In a word, yes.
But as is often the case, there are some qualifications. The below is an edit of a letter I wrote to a friend a while back. In the course of his pastoral ministry, he had been asked this very question, and responded that bankruptcy is theft, because you’re taking money, promising to pay it back, and then not doing it. Simple, right?
Not so fast…
We have to look at the general equity of the Torah on this point. There are conflicting biblical demands.
On one hand, paying what you promised to pay is Bible 101. Treat others as you want to be treated, love your neighbor, let your “yes” be “yes,” and so on. This much is obvious, and really doesn’t require much more discussion.
On the other hand…
Bankruptcy was possible under Torah. A man (and his family) could be sold into slavery to pay his debts. However, they were only slaves 7 years, and then they were not only released, but sent out with provisions to make a fresh start. There was no prohibition against predatory lending per se in the Torah, but if you lend the guy 20 years’ wages, and he defaults, you only get him for 7 years — so you’re going to lose a lot of money. And don’t forget that all debts are canceled every sabbath year, so that also limits the term of the loan.
Hence the conflicting demands. Under Torah, the debtor is responsible to love his neighbor and honor his word, i.e., to pay his debt. On the other hand, the creditor is also responsible to love his neighbor, and that means not lending a man more than is good for him, thereby subjecting the man to decades of debt slavery (in one form or another). If he tries, he will run up against one of two limitations: the length of term for a debt (sabbath year) or how much wealth he can extract from a man’s slave labor for seven years (either directly, by taking the man as a slave, or indirectly, by selling him as a slave).
So as far as the present-day debtor is concerned, I grant your basic point — a man ought to pay the debts that he agreed to pay. However, God knew that this was not always going to happen, and made provision for it when He set up a civil government. So should we — In Israel, some lenders would be wicked or stupid enough to lend to people they shouldn’t, and some borrowers would be greedy or stupid enough to fall for it. Human nature hasn’t changed, and we need the same sort of protections that Israel had, in one form or another. One could argue about whether our bankruptcy system is a good reflection of the one in the Torah, but one can’t just say that no such system should exist. The protection is meant to be invoked; that’s why it’s there.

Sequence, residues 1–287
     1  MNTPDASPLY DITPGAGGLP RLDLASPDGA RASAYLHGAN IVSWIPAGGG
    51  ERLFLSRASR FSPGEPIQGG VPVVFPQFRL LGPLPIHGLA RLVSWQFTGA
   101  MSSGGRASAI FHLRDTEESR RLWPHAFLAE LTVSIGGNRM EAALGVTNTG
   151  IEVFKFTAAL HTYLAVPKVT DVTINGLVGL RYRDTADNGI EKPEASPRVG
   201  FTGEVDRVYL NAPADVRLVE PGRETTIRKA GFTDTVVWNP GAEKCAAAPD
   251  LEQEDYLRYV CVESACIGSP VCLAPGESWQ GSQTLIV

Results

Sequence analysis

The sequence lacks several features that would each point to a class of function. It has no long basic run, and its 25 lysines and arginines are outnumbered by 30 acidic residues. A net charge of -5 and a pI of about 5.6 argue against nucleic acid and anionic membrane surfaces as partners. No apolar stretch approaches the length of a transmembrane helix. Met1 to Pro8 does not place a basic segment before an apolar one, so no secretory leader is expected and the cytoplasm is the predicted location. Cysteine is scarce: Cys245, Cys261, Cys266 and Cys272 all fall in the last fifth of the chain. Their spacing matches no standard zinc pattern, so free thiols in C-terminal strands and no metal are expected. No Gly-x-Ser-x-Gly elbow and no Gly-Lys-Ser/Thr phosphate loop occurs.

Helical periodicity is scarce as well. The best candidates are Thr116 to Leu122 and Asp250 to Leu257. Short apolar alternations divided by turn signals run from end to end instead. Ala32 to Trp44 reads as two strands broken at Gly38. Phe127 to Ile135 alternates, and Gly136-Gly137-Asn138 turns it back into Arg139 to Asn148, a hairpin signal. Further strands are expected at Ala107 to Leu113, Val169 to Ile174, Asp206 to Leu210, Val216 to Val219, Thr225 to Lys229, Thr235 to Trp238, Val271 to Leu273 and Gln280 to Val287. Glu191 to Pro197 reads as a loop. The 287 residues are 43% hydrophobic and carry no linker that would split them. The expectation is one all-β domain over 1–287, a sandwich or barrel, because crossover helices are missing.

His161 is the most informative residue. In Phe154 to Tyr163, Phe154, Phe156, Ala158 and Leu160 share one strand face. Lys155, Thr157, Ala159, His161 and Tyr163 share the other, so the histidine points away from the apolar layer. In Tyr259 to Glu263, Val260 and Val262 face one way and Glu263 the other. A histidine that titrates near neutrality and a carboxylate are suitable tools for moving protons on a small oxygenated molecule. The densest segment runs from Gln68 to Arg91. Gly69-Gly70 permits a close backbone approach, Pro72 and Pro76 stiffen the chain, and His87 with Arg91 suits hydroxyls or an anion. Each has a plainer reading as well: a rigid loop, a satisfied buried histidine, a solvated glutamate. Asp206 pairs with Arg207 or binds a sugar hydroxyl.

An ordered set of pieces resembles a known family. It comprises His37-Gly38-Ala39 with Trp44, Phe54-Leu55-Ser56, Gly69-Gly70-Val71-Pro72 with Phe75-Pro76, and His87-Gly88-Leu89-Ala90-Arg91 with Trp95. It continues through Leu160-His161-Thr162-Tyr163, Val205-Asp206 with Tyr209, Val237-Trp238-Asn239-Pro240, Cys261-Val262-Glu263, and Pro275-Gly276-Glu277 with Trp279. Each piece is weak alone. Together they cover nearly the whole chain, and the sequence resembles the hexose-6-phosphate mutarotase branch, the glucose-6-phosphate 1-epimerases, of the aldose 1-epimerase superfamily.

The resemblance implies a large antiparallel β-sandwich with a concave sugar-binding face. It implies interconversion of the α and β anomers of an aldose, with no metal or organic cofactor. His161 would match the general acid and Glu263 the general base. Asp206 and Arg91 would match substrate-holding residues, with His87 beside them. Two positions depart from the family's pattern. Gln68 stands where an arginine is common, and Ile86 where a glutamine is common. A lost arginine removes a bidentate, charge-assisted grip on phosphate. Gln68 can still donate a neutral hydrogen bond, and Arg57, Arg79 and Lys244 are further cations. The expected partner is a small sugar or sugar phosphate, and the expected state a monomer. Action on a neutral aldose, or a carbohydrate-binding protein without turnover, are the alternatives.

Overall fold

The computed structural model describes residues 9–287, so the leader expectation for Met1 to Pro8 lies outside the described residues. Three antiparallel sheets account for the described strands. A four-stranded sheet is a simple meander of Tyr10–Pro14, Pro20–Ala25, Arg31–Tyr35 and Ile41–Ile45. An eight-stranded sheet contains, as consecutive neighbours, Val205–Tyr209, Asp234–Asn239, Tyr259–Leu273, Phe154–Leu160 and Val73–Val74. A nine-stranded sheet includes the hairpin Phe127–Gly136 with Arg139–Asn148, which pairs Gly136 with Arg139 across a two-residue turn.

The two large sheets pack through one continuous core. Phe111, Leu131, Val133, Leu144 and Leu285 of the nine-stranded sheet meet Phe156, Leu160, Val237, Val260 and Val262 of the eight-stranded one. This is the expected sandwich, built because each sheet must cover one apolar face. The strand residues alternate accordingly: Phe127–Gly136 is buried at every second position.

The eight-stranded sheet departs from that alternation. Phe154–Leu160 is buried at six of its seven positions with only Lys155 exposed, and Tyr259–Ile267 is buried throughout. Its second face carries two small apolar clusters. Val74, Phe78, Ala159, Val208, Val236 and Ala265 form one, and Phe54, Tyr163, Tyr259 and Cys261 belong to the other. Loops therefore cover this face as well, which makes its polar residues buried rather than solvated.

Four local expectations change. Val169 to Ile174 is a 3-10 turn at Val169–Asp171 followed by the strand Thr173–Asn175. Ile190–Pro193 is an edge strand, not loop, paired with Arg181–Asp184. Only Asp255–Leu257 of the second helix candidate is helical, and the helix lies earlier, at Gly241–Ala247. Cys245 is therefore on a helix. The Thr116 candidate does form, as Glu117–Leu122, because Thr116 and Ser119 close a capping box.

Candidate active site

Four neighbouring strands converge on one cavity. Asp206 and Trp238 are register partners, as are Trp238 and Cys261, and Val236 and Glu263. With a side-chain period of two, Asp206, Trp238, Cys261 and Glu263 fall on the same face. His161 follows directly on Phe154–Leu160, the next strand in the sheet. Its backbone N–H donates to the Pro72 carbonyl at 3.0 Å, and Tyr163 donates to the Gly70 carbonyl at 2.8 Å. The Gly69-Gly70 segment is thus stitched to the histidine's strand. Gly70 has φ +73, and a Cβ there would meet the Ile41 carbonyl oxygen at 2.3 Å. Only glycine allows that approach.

Secondly, speaking to the debtor is only telling half the story. If you’re going to preach to debtors about their need to pay up, you should also preach to the creditors about ethical lending. The credit industry in this country deliberately incites people to get themselves into trouble so that they will be subjected to decades of debt slavery. Those debts payable are counted as assets to the creditor, and all he has to do to increase his assets is lend more money to people who can’t afford it (until, as we recently saw, the whole thing crashes). It’s a wicked system. I don’t mean to make the debtor look shiny here; he’s not. Nobody’s putting a gun to his head and making him take out a loan. But his sins and the predatory creditor’s sins make a nasty combination, and if you’re going to sort the thing out biblically, you have to speak to both sides.
Untangling this in a specific counseling situation is a mess. You probably don’t have the option of speaking to the creditor much; you’ll be dealing with the question of whether the debtor should default (chapter 7), reorganize for long-term repayment (chapter 13), or just soldier on with whatever changes he can make on his own (e.g., take a Dave Ramsay or Financial Peace University course, credit counseling, etc.) The thing you must remember here is that bankruptcy law is on the books as a reflection of God’s law; it is right that such a thing exist. There will, therefore, be a time when such a protection should be invoked. It is the role of the church leaders to determine if this is such a time.
If it is not, the debtor should be subject to church discipline if he defaults on his debts, and remain under discipline until he repents and takes steps to repay them. On the other hand, if it is such a time, then not only should the debtor not be subject to discipline; he ought to invoke bankruptcy protection with the blessing of the elders. Bankruptcy is a harsh mercy and it would be better not to need it, but sometimes that ship has already sailed.